Kefir, a traditional fermented drink, is consumed in Eastern Europe as a health food, and is often used to wean babies, as it is easily digested. Food allergy prevalence is especially high in children under the age of three, with around 5-8% of infants at risk. Currently the only treatment is avoidance of the problematic food.
“Friendly” bacteria in kefir may play a role in blocking the pathway involved in allergic responses, Lisa Richards reports in Chemistry & Industry, SCI’s fortnightly magazine. Research published today [Monday 16 October 2006(DOI 10.1002/jsfa2469)] in the SCI’s Journal of the Science of Food and Agriculture has shown that the milk drink inhibits the allergen specific antibody Immunoglobulin E (IgE). IgE is involved in immune responses to inactivate organisms that might cause disease. However, in the presence of allergens it can also activate cells responsible for the release of histamine, a chemical which stimulates allergic responses, such as inflammation and constriction of airways.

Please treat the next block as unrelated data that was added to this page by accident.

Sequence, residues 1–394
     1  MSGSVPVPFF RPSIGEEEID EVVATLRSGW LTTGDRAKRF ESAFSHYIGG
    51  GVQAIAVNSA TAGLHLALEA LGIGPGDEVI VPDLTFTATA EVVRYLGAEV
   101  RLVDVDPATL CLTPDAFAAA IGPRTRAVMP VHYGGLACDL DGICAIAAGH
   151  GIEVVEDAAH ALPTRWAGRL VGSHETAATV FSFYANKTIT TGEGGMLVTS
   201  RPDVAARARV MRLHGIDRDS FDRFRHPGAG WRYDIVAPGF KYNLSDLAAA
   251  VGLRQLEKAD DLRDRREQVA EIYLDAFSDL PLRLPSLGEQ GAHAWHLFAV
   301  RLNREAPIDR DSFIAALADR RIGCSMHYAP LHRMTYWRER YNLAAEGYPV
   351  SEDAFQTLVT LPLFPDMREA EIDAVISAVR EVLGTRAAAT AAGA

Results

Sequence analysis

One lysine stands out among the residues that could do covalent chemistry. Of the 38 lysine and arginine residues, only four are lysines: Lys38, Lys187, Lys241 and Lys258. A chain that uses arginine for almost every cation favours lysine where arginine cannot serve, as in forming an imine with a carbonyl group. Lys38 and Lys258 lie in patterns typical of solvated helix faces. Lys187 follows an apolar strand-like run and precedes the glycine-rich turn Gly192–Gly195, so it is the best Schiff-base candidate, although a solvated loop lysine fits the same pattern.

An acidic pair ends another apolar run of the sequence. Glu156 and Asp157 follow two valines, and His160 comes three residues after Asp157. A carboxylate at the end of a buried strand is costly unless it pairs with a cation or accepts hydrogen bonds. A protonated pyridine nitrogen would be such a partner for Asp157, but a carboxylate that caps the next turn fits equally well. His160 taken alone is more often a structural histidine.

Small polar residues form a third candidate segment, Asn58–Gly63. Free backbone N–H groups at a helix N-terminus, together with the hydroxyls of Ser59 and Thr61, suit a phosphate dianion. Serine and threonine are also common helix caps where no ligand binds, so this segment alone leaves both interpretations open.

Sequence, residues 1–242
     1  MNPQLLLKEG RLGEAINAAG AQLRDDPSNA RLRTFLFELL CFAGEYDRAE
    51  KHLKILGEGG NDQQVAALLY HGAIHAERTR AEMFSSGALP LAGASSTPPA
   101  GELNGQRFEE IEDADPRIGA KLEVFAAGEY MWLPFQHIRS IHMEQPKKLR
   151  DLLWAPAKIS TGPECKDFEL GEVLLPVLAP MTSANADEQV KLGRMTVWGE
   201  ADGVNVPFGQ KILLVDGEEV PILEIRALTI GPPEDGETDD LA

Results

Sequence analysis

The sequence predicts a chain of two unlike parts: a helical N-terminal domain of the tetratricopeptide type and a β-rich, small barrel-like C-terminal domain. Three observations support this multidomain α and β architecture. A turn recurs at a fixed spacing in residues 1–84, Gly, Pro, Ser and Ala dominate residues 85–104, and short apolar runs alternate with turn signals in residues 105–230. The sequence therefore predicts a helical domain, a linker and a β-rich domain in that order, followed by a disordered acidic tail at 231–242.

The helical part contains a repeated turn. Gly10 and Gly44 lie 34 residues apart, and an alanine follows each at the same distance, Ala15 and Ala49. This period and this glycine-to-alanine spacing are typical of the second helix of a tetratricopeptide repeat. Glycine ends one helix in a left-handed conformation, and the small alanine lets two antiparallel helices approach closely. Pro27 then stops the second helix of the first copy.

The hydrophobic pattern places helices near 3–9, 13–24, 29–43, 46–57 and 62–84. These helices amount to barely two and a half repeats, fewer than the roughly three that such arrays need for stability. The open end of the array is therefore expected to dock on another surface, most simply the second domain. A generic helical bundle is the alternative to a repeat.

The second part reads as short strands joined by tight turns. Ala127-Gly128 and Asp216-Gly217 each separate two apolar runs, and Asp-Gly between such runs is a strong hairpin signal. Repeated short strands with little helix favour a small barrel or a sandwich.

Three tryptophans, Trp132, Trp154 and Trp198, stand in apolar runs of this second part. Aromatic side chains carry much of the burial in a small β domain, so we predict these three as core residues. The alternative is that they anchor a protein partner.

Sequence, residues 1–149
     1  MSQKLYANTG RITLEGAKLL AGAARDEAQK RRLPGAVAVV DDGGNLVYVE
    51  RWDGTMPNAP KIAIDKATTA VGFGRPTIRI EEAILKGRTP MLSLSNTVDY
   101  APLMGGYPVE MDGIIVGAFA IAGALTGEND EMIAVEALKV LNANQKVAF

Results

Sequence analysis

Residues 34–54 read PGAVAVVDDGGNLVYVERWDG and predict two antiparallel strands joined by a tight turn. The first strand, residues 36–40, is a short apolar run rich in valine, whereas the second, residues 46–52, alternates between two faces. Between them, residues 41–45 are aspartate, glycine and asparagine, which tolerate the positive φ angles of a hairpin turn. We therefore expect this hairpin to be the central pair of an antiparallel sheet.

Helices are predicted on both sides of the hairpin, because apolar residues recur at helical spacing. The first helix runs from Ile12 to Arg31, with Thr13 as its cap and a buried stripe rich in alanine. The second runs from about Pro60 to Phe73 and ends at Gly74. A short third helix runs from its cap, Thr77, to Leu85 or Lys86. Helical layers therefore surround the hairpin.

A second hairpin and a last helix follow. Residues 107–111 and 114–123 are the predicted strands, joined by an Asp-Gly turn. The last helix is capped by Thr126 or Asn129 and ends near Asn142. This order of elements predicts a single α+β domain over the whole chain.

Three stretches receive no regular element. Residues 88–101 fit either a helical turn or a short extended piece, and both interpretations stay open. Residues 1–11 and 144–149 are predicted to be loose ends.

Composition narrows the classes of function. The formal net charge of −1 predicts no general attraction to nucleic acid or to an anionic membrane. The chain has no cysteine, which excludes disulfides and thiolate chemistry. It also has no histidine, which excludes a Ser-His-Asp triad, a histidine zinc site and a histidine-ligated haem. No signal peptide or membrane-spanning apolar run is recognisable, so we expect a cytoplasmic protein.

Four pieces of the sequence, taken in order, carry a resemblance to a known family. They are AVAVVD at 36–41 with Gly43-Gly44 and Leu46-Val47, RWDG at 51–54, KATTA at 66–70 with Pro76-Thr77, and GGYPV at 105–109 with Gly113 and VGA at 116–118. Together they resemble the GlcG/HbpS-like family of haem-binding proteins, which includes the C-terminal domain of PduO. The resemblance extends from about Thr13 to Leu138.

Ji-Ruei Liu’s team of scientists at the National Formosa University, Yunlin, Taiwan, fed mice the milky drink, and found that after 3 weeks, the amount of ovalbumin (OVA) specific IgE was reduced three-fold. Ovalbumin is an allergenic protein found in egg whites, which cause most allergies in young children. Kefir is also reported to prevent food antigens from passing through the intestinal wall.
Liu believes that the milky drink could be a promising tool in the prevention of allergies. “In the future, maybe we can screen out the certain components (bacterial strains or bioactive peptides) from kefir and utilize them in medicine,” he said.
A full copy of the research paper is available:
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